Tuesday, January 22, 2008

Screening for Carotid Artery Stenosis: An Update of the Evidence for the U.S. Preventive Services Task Force

Screening for Carotid Artery Stenosis: An Update of the Evidence for the U.S. Preventive Services Task Force

American College of Cardiology
Journal Scan

Ann Intern Med. 2007 Dec 18;147(12):860-70.

Perspective: The following are 10 points to remember about screening for carotid artery stenosis.

1. Cerebrovascular disease is the third leading cause of death in the United States and ~500,000 people experience their first stroke annually.

2. There has been a 70% decline in mortality from cerebrovascular disease in the United States since 1950. This is primarily related to reduction in smoking and better management of hypertension.

3. Almost 88% of strokes are ischemic in nature, and of these, 20% are due to large artery stenosis.

4. A stenosis severity of greater than 50%-60% is considered clinically important because these lesions have been associated with an increased risk of stroke.

5. The prevalence of clinically important asymptomatic carotid artery stenosis is estimated to be <1% in the general primary care population and ~1% in the population ≥65 years of age.

6. Carotid endarterectomy (CEA) is highly effective at reducing risk of subsequent stroke in patients who have had a transient ischemic attack or a minor stroke and have an ipsilateral severe carotid artery stenosis.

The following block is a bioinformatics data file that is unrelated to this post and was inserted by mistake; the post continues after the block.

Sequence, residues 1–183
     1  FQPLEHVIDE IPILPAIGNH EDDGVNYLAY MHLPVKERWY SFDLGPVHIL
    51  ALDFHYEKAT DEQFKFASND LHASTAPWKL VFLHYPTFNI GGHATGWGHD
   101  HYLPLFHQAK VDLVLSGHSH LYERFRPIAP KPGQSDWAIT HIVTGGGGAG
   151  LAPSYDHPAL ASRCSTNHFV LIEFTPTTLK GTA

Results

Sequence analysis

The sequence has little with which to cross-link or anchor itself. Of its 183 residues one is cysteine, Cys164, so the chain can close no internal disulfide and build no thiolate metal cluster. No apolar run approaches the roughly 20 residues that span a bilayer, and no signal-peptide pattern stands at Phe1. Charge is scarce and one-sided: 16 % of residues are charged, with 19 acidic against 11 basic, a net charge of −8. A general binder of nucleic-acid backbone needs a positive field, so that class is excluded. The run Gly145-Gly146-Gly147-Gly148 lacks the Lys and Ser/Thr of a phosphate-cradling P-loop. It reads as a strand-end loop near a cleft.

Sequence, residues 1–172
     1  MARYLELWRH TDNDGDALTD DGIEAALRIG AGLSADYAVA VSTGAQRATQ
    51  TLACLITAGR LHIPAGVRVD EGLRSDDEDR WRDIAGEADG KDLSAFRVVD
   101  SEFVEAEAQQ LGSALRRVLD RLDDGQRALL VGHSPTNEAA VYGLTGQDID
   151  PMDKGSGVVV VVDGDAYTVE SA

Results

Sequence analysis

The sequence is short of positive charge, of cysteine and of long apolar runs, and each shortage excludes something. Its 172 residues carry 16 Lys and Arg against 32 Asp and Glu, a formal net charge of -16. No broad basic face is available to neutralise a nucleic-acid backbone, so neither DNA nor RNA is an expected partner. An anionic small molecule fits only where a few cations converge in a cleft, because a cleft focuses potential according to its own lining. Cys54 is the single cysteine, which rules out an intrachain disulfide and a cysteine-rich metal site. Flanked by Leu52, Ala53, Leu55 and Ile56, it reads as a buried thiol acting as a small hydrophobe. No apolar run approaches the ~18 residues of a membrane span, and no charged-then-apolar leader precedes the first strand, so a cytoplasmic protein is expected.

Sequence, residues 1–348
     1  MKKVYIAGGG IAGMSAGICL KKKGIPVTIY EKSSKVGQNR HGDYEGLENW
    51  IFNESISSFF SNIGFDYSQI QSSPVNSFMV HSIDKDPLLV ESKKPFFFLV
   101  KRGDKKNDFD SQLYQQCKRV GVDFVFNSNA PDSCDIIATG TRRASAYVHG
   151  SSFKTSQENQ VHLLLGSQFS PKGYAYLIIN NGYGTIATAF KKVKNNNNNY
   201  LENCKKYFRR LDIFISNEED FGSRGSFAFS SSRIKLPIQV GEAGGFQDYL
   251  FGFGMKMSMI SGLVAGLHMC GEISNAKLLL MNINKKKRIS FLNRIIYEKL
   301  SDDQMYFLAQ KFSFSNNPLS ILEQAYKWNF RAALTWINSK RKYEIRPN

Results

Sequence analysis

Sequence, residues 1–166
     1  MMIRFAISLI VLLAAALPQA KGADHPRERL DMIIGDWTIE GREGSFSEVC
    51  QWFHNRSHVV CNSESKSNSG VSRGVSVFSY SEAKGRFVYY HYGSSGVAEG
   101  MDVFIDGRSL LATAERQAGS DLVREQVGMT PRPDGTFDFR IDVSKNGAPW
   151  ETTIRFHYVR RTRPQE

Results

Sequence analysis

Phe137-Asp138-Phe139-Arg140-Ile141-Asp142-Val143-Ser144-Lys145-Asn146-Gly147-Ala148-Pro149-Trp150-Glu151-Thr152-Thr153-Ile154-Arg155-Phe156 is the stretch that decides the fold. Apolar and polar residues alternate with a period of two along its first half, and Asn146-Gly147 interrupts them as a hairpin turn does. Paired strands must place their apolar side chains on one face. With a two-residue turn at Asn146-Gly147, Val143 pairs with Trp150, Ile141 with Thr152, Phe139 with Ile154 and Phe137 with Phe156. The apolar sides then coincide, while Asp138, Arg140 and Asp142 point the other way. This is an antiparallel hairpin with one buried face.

7. Duplex ultrasonography has high sensitivity and specificity (over 90%) for detecting severe carotid artery stenosis. Both computed tomography angiography and magnetic resonance angiography have similar accuracy for detection of severe asymptomatic carotid artery stenosis.

8. In selected patients undergoing CEA for severe asymptomatic carotid artery stenosis by select surgeons, the 5-year risk of stroke was reduced from 11.8 % to 6.4% with surgery. The perioperative risk of death or stroke was 3.1%. About half of the strokes prevented by surgery are disabling.

9. The outcome of patients undergoing CEA outside of clinical trials is variable with a stroke and death rate that has ranged from 2.3% to 3.7%, although rates as high as 6% have been reported. The incidence of periprocedural myocardial infarction varies from 0.7% to 1.1% in most published series, and may be higher because routine screening for asymptomatic myocardial infarction is uncommon.

10. No study has evaluated the benefit of screening for asymptomatic carotid artery stenosis. Assuming a prevalence of 1% in people over 65 years of age and a sensitivity of 94% and a specificity of 92% for ultrasonic screening and a perioperative death or stroke rate of 3.1%, 4,348 people would need to be screened to prevent one stroke, and 8,696 people would need to be screened to prevent one disabling stroke.

Routine screening for carotid artery stenosis is currently not recommended. Hitinder S. Gurm, M.B.B.S., F.A.C.C.

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